The Land Reform and Biodiversity Stewardship Learning Exchange took place in Hluhluwe in Northern KwaZulu-Natal from 18 to 20 February, exceeding the expectations of both participants and co-hosts of the event. The learning exchange was co-hosted by the National Department of Environment, Forestry and Fisheries (DEFF) and the South African National Biodiversity Institute (SANBI); with the support of Ezemvelo KZN Wildlife (EKZNW) under the theme “Reshaping Rural Development through the Biodiversity Economy.”

The location proved to be very strategic as the area is a Biodiversity Economy Node and has benefited from grants and support from government initiatives and programmes including DEFF’s Natural Resource Management Programmes, game donations and other forms of support from the DEFF Biodiversity Economy programme.

This learning exchange was convened five years after the last event which was held in Pietermaritzburg in 2015. The 2020 learning exchange was a response to the call from the National Biodiversity Stewardship Conferences of 2017 and 2018, which called for the revitalisation of the Land Reform and Biodiversity Stewardship Initiative.

The interest in the event far exceeded the hosts’ expectations, with 199 delegates participating in the learning exchange –  significantly more than the 120 delegates initially planned for.  In addition, more than 50% of the delegates were community beneficiaries consisting of Chiefs, Queens and iziNduna, making the learning exchange a real success.

The remaining delegates consisted of officials from various government departments (national and provincial) and non-governmental organisations. The learning exchange was opened and the scene set by SANBI’s Acting CEO, Ms Carmel Mbizvo; Chief Director of Biodiversity Management and Permitting at DEFF, Ms Skumsa Ntshanga as well as SANBI’s Chief Director of Policy Advice and Information Management, Ms Deshni Pillay.

Through the application of the ‘market stall’ workshop methodology, participants were able to ‘shop’ for information at the various community led stalls. This was a creative and highly engaging method where all delegates learned from the community beneficiaries who shared in their own voices the journey of their respective projects, their vision for their land in conservation and the lessons learnt to date.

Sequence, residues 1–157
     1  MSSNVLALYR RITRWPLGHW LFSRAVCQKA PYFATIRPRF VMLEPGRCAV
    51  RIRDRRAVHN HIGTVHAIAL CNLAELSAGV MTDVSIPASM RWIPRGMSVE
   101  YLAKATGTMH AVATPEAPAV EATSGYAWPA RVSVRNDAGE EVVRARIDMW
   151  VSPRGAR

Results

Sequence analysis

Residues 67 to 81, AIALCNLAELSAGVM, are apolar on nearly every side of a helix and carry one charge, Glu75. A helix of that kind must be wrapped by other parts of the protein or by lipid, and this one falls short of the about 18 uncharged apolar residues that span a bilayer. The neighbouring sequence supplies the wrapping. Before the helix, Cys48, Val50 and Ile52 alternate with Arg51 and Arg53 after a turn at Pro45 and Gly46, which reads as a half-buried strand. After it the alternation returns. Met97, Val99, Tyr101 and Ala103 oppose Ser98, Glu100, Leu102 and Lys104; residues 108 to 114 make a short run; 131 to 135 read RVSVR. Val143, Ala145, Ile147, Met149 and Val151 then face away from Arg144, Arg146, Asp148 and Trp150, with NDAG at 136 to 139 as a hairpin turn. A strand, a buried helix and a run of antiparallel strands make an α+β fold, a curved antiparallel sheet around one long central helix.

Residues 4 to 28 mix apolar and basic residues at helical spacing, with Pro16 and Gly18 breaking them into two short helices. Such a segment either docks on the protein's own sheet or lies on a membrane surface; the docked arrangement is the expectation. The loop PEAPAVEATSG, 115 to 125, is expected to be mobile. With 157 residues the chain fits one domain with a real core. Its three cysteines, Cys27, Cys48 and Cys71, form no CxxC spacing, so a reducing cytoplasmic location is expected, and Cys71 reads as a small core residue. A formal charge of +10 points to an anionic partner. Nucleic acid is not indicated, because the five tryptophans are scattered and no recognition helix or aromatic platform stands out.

This session directly spoke to one of the objectives of convening the learning exchange which was to encourage peer-learning amongst communities and invert the triangle of knowledge transfer by affording community beneficiaries the platform to share their stories.

The site visit to Mun-Ya-Wana Conservancy, also known as Phinda Private Game Reserve included a talk by a community rep from the Mnqobokazi CPA. This was another highlight of the learning exchange which sparked interesting conversations amongst the delegates. The capacity building sessions were another highlight of the learning exchange.

These sessions were practical, easy to relate to the work and the atmosphere was open to asking questions and encouraged active learning. The themes that were covered in the capacity building sessions were climate change adaptation and resilience, rangeland management, development of management plans and identifying biodiversity economy opportunities.

The learning exchange was well-received by all stakeholders and delegates and this was shown by the willingness, anticipation and active engagements at the event. This was supported by good planning executed by various partners, including supporters of Biodiversity Stewardship, the DEFF Biodiversity Economy & Biodiversity Planning colleagues and SANBI colleagues.

The learning exchange gave everyone working with Biodiversity Stewardship and  communities a chance to reflect on the LRBSI journey from its commencement in 2009. It also allowed for the chance to identify the lessons learnt and to celebrate the strides made with Biodiversity Stewardship, specifically growing beyond a protected areas expansion tool to addressing some of the socio-economic challenges of South Africa.

For more information, contact Natasha Wilson at

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